Assistive Technologies

The Miseducation of Cameron Post

1hr 30mins
Directed by
Desiree Akhavan
Chloë Grace Moretz,
Sasha Lane,
John Gallagher Jr.

Desiree Akhavan's adaptation of the acclaimed coming-of-age novel by Emily  Danforth.

Cameron  Post  (Chloë  Grace  Moretz)  looks  the  part  of  a  perfect  high  school  girl.  But  after  she’s  caught  with  another  girl  in  the  back  seat  of  a  car  on  prom  night,  Cameron  is  quickly  shipped  off  to  a  conversion  therapy  center  that  treats  teens  “struggling  with  same-sex  attraction.”  At  the  facility,  Cameron  is  subjected  to  outlandish  discipline,  dubious  “de-gaying”  methods,  and  earnest  Christian  rock  songs—but  this  unusual  setting  also  provides  her  with  an  unlikely  gay  community.  For  the  first  time,  Cameron  connects  with  peers,  and  she’s  able  to  find  her  place  among  fellow  outcasts.

Writer/director  Desiree Akhavan  (Appropriate  Behavior)  and  co-writer Cecilia  Frugiuele  sensitively  adapt  Emily  Danforth’s  acclaimed  eponymous  coming-of-age novel  and  create  a  refreshingly  original  teen  movie.  Balancing  out  inherent  drama  with  understated  humor,  The  Miseducation  of  Cameron  Post  looks  at  a  teenage  girl  grappling  with  pain  and  loss,  but  at  the  same  time,  she  is  creating  a  family  on  her  own  terms  and  learning  what  it  means  to  empower  herself  by  having  confidence  in  her  own  identity.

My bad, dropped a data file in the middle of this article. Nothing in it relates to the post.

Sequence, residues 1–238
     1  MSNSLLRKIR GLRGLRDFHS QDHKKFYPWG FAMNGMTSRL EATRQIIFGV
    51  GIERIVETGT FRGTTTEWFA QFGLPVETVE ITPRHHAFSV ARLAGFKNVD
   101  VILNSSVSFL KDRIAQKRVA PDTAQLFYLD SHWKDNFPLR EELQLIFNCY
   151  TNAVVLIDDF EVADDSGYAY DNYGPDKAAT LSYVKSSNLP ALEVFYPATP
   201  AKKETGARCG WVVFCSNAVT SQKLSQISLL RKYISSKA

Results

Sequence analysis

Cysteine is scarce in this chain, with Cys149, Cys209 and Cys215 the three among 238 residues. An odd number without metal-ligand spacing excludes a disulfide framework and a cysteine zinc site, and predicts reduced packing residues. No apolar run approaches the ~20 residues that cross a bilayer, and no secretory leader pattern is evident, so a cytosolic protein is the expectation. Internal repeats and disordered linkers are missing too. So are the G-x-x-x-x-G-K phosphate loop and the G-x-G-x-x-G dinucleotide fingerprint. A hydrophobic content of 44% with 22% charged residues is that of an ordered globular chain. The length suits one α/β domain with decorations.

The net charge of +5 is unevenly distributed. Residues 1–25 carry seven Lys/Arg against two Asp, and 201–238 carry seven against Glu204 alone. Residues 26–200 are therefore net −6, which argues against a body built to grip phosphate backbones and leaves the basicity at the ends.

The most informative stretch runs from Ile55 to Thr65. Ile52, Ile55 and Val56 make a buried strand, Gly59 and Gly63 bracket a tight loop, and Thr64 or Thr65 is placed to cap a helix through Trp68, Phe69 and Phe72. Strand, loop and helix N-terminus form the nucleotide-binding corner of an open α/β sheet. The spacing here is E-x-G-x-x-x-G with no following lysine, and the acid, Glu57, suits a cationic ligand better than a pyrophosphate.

Review Text

Like any good combat movie, prison drama or high school comedy, The Miseducation of Cameron Post is about solidarity and treachery among the powerless.

Review Author
A.O. Scott
Review Publication
New York Times
Review Text

The repressive setting would be, in a less nuanced film, a site of unadulterated horror. But Cameron, Jane, and Adam, like queer people through the ages, find ways to bond, joke, and help each other through the circumstances.

Review Author
Ren Jender
Review Publication
Village Voice
Review Text

It beautifully articulates the need for young people to realize the validity of who they are, and even more beautifully crystalizes the moment when that starts to happen.

Review Author
David Ehrlich
Review Publication

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